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kitchen scraps in Humanure system

 
            
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I like adding my kitchen scraps directly to the garden, and I know there has been a lot of agreement on that in this community.  My issue is that I am in the process of switching to all humanure toilets. I think I want all those kitchen scraps in the humanure system.  I am wondering what to do here? 

Paul do you compost humanure?  Does Gaias Garden author?
 
Mother Tree
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Your humanure system will do just fine without the kitchen scraps, it's just a convenient place to put them. 
 
                              
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Kitchen scraps are great in a humanure compost pile, just as in any other compost heap.  You can even add the usual "no-no's" of composting:  meat/animal parts and dairy.

Here's the source for all things humanure: http://www.humanurehandbook.com/manual.html

Btw, from the podcasts and forum posts, I doubt that Paul uses the humanure composting system.  He seems to favor tree bogs.
 
steward
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Who says meat,animal parts and dairy are no-nos in composting?  If it once lived, it is compostable...heck, throw your used Kleenex in the pile.

I know several people who get paid to haul dead animals from the sale barns.  Granted they use piles of sawdust, but they say in 6 months they cannot even find bones from a whole cow or horse in their piles.
 
            
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I have read the Humanure Handbook.  My concern was that the humanure pile needs as much organic matter as possible.  So will it be ok without all of my kitchen compost material.  The pile will have only humanure and maybe the occasional addition of some weeds or whatever.  I love sheet composting I have seen great results.  I think the pile will be fine without kitchen compost.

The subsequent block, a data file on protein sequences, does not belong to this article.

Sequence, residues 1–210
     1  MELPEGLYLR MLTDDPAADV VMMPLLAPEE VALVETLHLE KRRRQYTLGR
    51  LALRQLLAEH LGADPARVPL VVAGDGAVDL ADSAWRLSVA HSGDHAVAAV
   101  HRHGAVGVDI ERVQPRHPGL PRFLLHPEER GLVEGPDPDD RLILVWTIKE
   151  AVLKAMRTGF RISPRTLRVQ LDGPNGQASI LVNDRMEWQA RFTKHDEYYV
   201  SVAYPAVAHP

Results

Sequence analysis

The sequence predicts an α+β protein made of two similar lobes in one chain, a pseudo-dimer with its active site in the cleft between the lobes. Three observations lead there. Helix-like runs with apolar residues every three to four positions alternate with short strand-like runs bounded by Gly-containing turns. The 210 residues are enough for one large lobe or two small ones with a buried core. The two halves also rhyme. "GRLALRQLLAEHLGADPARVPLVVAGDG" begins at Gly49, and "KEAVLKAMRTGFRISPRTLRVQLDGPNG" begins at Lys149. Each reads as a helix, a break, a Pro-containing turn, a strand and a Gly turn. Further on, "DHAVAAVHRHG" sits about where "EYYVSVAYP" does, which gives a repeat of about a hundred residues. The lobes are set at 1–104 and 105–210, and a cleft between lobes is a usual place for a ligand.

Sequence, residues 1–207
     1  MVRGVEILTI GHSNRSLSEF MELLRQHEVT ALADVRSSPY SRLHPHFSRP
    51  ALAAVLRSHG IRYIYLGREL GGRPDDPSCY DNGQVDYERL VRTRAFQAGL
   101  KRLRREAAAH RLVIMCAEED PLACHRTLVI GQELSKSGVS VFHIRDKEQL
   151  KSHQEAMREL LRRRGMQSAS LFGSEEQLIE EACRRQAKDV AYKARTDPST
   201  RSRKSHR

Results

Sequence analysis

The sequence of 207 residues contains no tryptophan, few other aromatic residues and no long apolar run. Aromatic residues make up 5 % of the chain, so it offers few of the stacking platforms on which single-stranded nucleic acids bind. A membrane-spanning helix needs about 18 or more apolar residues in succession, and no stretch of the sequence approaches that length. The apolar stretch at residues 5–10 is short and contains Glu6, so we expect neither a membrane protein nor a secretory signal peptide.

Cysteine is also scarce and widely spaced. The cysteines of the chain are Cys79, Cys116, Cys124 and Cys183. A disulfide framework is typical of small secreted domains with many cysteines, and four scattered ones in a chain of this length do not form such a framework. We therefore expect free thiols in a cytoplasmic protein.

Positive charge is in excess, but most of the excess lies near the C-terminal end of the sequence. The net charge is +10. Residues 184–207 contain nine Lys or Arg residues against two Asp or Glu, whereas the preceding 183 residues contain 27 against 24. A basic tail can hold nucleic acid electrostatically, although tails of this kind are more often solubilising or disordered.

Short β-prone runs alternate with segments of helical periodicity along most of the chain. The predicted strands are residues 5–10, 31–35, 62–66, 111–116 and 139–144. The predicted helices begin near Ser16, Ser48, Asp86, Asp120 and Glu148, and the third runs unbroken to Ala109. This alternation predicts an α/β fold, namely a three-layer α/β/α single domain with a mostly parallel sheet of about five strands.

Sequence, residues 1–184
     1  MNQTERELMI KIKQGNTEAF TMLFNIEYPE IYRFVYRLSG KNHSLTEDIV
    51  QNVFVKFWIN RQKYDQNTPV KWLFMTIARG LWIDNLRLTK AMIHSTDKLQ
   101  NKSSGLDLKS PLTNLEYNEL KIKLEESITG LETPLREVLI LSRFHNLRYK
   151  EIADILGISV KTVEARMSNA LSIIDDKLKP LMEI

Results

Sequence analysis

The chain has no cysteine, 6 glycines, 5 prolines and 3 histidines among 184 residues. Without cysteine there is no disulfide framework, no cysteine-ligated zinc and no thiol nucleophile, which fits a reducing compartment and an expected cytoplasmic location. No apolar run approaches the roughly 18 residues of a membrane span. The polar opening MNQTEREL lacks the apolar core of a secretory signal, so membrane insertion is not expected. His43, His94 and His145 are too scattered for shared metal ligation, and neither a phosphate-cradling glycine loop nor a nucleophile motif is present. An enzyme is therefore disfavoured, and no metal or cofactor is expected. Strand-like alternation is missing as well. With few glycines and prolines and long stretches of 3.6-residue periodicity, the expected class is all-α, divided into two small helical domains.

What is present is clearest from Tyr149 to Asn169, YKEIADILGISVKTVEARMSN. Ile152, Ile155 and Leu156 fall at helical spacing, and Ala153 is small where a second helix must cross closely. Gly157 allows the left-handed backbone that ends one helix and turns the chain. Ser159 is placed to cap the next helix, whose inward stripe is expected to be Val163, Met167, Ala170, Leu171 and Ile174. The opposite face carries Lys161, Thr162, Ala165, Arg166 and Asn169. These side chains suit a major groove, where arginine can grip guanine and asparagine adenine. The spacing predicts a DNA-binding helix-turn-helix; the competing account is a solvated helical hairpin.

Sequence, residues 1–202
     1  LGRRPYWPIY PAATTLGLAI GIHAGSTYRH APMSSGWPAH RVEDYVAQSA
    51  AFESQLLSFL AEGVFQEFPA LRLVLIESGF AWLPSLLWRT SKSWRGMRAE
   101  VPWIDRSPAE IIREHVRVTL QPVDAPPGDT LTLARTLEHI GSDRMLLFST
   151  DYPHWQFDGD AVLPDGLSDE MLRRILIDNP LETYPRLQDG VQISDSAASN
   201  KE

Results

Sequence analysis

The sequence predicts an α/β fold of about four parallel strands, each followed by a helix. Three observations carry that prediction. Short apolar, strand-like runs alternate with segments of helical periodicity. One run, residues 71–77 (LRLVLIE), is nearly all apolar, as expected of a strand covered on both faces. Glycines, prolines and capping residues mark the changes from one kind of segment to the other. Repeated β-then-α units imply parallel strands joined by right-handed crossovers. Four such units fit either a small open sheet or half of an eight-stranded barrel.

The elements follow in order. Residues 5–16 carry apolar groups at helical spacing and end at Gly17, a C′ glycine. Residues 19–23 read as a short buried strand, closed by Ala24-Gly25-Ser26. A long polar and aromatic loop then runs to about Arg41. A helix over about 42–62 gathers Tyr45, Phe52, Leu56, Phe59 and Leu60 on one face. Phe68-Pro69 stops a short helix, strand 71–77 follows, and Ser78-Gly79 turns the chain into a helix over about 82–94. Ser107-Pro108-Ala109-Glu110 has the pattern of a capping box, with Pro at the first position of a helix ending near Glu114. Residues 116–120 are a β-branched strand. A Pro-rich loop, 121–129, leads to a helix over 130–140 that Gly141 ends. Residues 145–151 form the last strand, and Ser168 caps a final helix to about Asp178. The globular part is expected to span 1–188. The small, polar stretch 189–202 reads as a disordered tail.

Burra Maluca
Mother Tree
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My only concern would be that if you are using a lot of sawdust then make sure you don't separate too much urine as the sawdust really does need a bit of help to make it break down and you might not get the poopy bit of the heap hot enough without either pee or plenty of scraps.  But if you're only using sawdust in the buckets and then using straw or hay as a cover material on the heap it should be ok. 

If you invest in a compost thermometer you can check very easily if it's reaching a decent temperature.  If it is, then you have no problems.  If it isn't, it's kind of fun to fiddle around adding more pee, adjusting the moisture level, until you've perfected it. 

Well, I think it's fun.  But then I'm bit odd... 
 
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I personally like to keep veggie scraps for the worm bin.  The worm bin is also the final stage for my humanure composting system.  We poop in 44 gal drums filled with worms, then rotate drums so they sit for at least 3 months, preferably six.  Then I empty out the humanure (after sitting) into the worm bin which finishes it off, and the worms sterilize it.  I only use it on fruits, like trees and maybe winter squash. 
 
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Ryan H wrote:
I have read the Humanure Handbook.  My concern was that the humanure pile needs as much organic matter as possible.  So will it be ok without all of my kitchen compost material.  The pile will have only humanure and maybe the occasional addition of some weeds or whatever.  I love sheet composting I have seen great results.  I think the pile will be fine without kitchen compost.



poo is "green" (high Nitrogen low Carbon and needs "brown" (high carbon low nitrogen) such as straw or sawdust. Kitchen scraps are mostly green.

If you have animals or want compost in less than 2 years you might decide to feed kitchen scraps ormakea quicker compost heap
 
pollinator
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I am putting together a book/dvd/magazine page for Paul, and to save him some time from making a (short paragraph) written review of everything, I figured I'd ask permie folks to write "what Paul would say" in each thread something is talked about.

So what would Paul say about The Humanure Handbook?
 
No. No. No. No. Changed my mind. Wanna come down. To see this tiny ad:
A rocket mass heater is the most sustainable way to heat a conventional home
http://woodheat.net
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